VZV, also known as human herpesvirus 3 (HHV3), is a member of the Herpesviridae family which cause varicella (chickenpox). Chickenpox is an acute, highly contagious disease that is often benign and self-limiting in children [16]. Importantly, primary VZV infection during pregnancy has a significant impact on maternal and fetal health [11]. Severe varicella pneumonia can occur during pregnancy, and maternal infection can lead to congenital anomalies as well as severe disseminated infection in the newborn [17, 18]. In addition, in certain cases, VZV can also be considered a nosocomial infection [19]. Therefore, not only healthcare workers who are not immune to the virus but also susceptible patients, especially immunocompromised children and adults, are at risk of hospital-acquired varicella infection. According to Mostafavi et al., there are statistically significant differences in the prevalence of VZV antibodies (Abs) between Iranian provinces, ranging from 82.4% in Isfahan to 98.5% in Mazandaran [20]. The varicella vaccine is made of a live attenuated virus. For people older than 60 years of age, the zoster vaccine should be used. Except for the 14-fold increase in virus titer, this vaccine is similar to the varicella vaccine. Shingrix is a recombinant zoster vaccine in comparison to Zostavax (a live zoster vaccine). For immunosuppressed patients, it is not recommended to give live virus vaccines. Common side effects of the chickenpox vaccine include sore arms from the shot, fever, and a mild rash where the shot is given. Therefore, in this study, we aimed to assess the frequency of IgG anti-varicella/rubella Abs in Shiraz University of Medical Sciences (SUMS) female students.


Sample collection

In this study, the target population was female medical students who were referred to the department of bacteriology and virology at Shiraz medical school from 2016 to 2018. The study was approved by the SUMS Ethics Committee (IR.SUMS.MED.REC.1401.102). After receiving the written informed consent, the questionnaire with the demographic data and the history of the vaccination was recorded. A 5 mL sample of venous blood was drawn from each participant. The sera from the samples were isolated and stored at -20 °C until further analysis.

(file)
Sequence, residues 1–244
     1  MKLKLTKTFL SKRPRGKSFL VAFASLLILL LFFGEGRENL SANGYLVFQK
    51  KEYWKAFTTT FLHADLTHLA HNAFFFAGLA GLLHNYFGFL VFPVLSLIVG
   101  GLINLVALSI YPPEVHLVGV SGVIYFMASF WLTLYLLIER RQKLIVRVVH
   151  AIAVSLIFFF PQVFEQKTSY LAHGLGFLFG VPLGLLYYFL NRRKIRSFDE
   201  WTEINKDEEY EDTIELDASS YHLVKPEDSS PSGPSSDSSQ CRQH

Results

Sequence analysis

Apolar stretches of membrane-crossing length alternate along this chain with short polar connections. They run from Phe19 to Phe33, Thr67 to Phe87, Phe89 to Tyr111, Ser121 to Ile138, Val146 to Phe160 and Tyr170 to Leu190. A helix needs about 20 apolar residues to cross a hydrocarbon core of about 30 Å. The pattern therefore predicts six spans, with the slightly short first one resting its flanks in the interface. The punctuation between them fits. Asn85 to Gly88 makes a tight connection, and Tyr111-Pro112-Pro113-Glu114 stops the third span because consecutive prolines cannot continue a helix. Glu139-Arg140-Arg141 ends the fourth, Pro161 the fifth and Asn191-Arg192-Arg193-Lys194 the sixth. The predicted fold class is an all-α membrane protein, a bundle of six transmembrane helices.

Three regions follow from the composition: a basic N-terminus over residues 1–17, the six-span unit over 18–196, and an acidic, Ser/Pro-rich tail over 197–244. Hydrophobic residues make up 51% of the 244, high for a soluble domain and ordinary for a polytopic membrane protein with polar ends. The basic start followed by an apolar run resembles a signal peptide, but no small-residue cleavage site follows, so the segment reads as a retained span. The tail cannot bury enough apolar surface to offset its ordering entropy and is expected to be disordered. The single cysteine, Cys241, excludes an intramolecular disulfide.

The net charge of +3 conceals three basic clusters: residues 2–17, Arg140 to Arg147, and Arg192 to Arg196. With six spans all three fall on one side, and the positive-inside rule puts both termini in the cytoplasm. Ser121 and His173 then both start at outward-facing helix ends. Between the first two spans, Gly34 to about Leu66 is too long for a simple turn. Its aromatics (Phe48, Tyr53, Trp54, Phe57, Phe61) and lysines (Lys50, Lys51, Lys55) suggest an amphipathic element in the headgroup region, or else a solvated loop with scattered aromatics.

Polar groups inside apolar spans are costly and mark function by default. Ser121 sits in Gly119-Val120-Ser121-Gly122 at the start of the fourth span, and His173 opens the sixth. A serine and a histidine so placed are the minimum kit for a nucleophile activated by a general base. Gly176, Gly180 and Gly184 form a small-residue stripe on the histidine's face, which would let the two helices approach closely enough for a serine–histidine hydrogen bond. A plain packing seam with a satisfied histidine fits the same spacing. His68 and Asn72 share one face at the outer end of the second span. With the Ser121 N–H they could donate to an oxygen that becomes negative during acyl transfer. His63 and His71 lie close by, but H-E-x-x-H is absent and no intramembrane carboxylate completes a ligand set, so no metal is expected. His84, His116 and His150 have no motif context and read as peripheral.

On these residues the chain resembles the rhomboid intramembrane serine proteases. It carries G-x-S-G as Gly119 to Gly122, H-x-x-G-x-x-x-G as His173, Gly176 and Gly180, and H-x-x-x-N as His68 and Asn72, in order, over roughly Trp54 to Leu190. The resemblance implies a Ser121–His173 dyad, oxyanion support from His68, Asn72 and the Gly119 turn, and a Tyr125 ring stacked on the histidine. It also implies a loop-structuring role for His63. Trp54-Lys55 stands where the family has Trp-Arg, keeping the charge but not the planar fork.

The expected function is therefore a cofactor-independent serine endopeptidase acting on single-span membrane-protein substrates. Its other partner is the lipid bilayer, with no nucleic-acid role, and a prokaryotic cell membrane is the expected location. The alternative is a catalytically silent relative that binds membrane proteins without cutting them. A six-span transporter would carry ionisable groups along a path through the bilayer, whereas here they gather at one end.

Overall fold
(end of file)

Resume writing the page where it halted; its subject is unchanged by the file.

Serological test

Using commercial IgG immunoassays, serum samples were examined for rubella (Pishtazteb, Tehran, Iran) and VZV (Vircell, Barcelona, Spain) IgG-Abs. Abs were defined as positive or negative based on the manufacturers’ methodology. the mean O.D. Cut-off serum in the VZV kit was calculated by the formula: Antibody index = (sample O.D./cut-off serum mean O.D.) × 10, and <9 is negative, 9-11 is equivocal and >11 is positive. Cut-off serum in the rubella kit was calculated by the formula: Cut-off Index (COI) = OD of sample/cut-off value, <0.9 is negative, 0.9-1.1 is equivocal and >1.1 is positive.

Statistical analysis

Pearson’s chi-square test and Fisher’s exact test were calculated to compare the proportion of anti-rubella and anti-varicella IgG titers between groups (adjusting for sex and age groups). Analysis was performed with SPSS v22 (IBM Corp., Armonk, NY, USA), and a P-value <0.05 was considered statistically significant.


A total of 434 female medical students took part in the study. The mean age of the participants was 21.6±4.25 years old, ranging from 18-48. Serological tests showed that 292 (67.3%) and 287 (66.1%) students were positive for anti-varicella IgG Ab and anti-rubella IgG Ab, respectively. In addition, 205 (47.2%) and 59 (13.6%) students were double positive (anti-varicella/rubella IgG Abs) and double negative, respectively. Moreover, 170 (39.2%) students were only positive for anti-varicella IgG Ab or anti-rubella IgG Ab. Enrolled students were divided into two groups based on the 2003 national MR immunization program. The first group consisted of students who received two doses of the MR vaccine as part of Iran’s regular immunization program, while the second group consisted of students who received one dose of the MR vaccine (one dose through the national MR immunization program in 2003). Anti-rubella IgG Ab was significantly higher in those who received one doses of MR vaccine (second group) (P<0.001) (Table 1). Table 2 shows a comparison of age with frequency of anti-rubella IgG Ab in second group who received one dose of vaccine. In the group that received one dose of MR vaccine, the number of positive cases increased significantly with age (P=0.013) (Table 2). We found no statistically significant difference in anti-VZV IgG Ab frequency between the first and second group (P=0.062). Table 3 compares the three age groups of the students in second group with regard to age and the frequency of anti-varicella IgG Ab. There was no significant difference among age groups (P=0.53).